Little Milton: “Grits Ain’t Groceries,” “We’re Gonna Make It,” “That’s What Love will Make You Do” — all available for 99 cents a pop at Itunes and really great.
Son Seals: Chicago Fire, Live and Burning
Gatemouth Brown: Alright Again, Standing My Ground
RL Burnside: Too Bad Jim
The blues world lost three of its leading old school figures in one month when Clarence “Gatemouth” Brown, Little Milton and R.L. Burnside passed away in August and September. Though the three were vastly different, they were linked by their lifetime of dedication to guitar.
Brown, who played fiddle as well as guitar, hated being called a blues player and indeed, he also played swing, jazz, Cajun and country. “Folks call me a bluesman because I’m black and… play guitar,” Brown once said. “But my music is American music – Texas style.” He had a 1954 hit with the hard-charging, fleet-fingered instrumental “Okie Dokie Stomp,” which helped launch a 50-plus-year career. Brown was diagnosed with lung cancer, heart disease and emphysema last year but he refused treatment and continued to perform. He died in Orange, TX two weeks after evacuating his home in Slidell, LA, to escape the path of Hurricane Katrina. He was 81.
A pioneer in mixing r&b and blues, “Little Milton” Campbell was a strong-voiced singer and a pungent guitarist in the B.B. King mold. He had several ‘60s hits for Chess Records and recorded the latter day staple “The Blues Is Alright” in ’84. He was a five-decade staple of blues clubs and festivals and in recent years, he occasionally appeared with the Allman Brothers Band. He was 70 years old and died following a massive stroke.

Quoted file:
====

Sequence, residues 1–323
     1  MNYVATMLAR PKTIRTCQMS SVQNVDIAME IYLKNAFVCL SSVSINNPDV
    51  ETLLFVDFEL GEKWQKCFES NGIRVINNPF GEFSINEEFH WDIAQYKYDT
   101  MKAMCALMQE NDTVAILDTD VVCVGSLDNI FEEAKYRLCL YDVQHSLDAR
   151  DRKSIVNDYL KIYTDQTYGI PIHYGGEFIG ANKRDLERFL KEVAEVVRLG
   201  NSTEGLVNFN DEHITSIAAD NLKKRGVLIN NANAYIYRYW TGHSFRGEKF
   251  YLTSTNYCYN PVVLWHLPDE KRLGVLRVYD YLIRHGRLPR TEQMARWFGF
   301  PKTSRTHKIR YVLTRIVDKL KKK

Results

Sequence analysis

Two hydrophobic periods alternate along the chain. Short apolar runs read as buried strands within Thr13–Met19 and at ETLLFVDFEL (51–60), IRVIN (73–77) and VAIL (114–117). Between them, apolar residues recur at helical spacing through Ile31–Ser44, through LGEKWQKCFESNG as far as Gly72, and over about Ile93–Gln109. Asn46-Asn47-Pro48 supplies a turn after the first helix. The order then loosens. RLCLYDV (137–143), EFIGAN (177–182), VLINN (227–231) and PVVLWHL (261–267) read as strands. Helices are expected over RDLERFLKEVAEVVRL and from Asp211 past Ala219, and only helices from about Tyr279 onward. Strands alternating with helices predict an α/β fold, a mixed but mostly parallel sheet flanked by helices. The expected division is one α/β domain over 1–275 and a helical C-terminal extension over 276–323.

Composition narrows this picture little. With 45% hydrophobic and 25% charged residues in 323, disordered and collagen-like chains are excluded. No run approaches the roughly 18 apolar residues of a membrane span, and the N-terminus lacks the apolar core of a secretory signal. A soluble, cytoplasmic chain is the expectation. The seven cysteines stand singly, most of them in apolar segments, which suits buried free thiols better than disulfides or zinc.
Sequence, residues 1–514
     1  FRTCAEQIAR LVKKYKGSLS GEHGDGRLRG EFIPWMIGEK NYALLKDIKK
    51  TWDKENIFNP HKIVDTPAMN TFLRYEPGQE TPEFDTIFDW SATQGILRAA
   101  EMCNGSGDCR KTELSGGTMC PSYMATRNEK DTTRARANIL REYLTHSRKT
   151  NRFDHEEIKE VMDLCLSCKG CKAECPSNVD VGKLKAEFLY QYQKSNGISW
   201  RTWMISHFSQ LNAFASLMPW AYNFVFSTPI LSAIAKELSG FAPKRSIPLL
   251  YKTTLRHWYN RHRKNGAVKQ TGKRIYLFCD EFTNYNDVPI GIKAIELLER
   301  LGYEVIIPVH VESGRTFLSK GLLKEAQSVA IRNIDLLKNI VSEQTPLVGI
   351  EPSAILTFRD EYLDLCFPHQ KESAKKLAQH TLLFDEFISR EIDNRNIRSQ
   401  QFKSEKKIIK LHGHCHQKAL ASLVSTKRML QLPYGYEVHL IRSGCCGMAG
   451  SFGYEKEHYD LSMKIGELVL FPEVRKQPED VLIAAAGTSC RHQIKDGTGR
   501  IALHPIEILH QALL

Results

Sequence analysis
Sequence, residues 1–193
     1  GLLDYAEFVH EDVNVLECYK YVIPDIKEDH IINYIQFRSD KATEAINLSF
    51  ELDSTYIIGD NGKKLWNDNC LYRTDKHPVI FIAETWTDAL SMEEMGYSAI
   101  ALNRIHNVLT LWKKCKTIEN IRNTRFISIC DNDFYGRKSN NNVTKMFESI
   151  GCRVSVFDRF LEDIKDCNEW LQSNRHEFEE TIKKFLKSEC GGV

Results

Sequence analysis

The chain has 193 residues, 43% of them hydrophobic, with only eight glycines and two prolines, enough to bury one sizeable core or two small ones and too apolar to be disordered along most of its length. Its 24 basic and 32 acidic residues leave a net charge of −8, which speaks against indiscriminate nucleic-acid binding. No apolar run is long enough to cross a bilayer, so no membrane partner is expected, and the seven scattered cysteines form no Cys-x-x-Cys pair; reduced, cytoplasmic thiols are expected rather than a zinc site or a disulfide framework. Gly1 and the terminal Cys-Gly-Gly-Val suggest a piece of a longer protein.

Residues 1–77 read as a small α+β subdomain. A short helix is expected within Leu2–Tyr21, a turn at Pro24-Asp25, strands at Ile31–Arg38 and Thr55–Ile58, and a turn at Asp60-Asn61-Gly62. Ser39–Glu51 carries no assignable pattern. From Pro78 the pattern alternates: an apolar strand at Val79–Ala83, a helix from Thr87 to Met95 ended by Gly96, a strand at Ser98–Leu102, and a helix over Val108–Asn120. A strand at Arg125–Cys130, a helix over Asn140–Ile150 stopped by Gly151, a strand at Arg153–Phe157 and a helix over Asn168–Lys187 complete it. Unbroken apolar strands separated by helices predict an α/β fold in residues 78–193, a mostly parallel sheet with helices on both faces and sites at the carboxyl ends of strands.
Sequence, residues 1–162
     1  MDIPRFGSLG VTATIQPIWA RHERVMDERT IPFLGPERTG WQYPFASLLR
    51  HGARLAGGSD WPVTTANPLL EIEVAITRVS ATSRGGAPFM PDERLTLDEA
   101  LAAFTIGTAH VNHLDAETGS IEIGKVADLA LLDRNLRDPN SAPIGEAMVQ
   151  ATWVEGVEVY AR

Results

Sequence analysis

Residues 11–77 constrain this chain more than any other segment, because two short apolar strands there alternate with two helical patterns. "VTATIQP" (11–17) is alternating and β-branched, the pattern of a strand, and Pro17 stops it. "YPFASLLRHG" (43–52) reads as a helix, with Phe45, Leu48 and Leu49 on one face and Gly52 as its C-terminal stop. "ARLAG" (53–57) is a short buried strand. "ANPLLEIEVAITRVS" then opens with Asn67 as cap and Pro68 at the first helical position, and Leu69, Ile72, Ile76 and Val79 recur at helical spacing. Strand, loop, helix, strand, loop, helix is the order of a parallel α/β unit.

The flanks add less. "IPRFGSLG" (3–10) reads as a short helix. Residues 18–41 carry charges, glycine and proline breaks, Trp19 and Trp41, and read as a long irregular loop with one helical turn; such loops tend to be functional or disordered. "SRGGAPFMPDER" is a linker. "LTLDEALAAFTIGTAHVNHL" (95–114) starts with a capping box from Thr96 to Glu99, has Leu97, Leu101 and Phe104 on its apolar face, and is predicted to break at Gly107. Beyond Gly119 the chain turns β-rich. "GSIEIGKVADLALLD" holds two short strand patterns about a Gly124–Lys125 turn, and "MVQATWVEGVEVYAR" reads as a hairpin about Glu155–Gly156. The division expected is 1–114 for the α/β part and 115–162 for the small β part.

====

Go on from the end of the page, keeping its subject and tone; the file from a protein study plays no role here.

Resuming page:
Burnside’s droning, hard-edged songs were the very definition of “Mississippi hill country blues.” After decades as a noted juke joint performer around his Holly Springs, MS home who made his living primarily as a farmer, Burnside began to find a wider audience after being featured in the 91 documentary film Deep Blues. He then began recording for Fat Possum Records, and his numerous albums gained an alt-rock audience, which helped him become one of blues’ most popular performers in his 70s. He was 76.
R.I.P. Son Seals
The mighty Chicago bluesman Son Seals died December 20 of complications from diabetes. He was 62. Frank “Son” Seals was born in Osceola, Arkansas and grew up in his father’s juke joint, The Dipsy Doodle, hearing legends like Sonny Boy /Williamson before he could walk. By the time he was 13, he was sitting in on drums and a few years later, he was on the road, playing guitar with Earl Hooker. He later drummed for Albert King, before settling in Chicago in ’71 and focusing on playing guitar and being a frontman.
His debut album, The Son Seals Blues Band, was released in ’73 and it helped establish both him and the fledgling Alligator Records as forces to be reckoned with. He recorded seven more albums for the label. His final work was 2000’s Lettin’ Go (Telarc). Throughout his 30-year career, Seals’ work was absent any pretense or fluff, marked by intensity, high energy and a complete; his music sounded entirely unforced, like an extension of himself.
In ’97 Seals’ wife shot him in the face and he endured extensive reconstructive surgery. Two years later, his lower leg was amputated but he continued to perform with the same unflaggingly fiery approach until just two months before his death. Phish often performed Seals’ “Funky Bitch,” and the guitarist appeared several times with the jam icons, turning a new crop of fans onto his powerful appeal. He is survived by a sister and 14 children.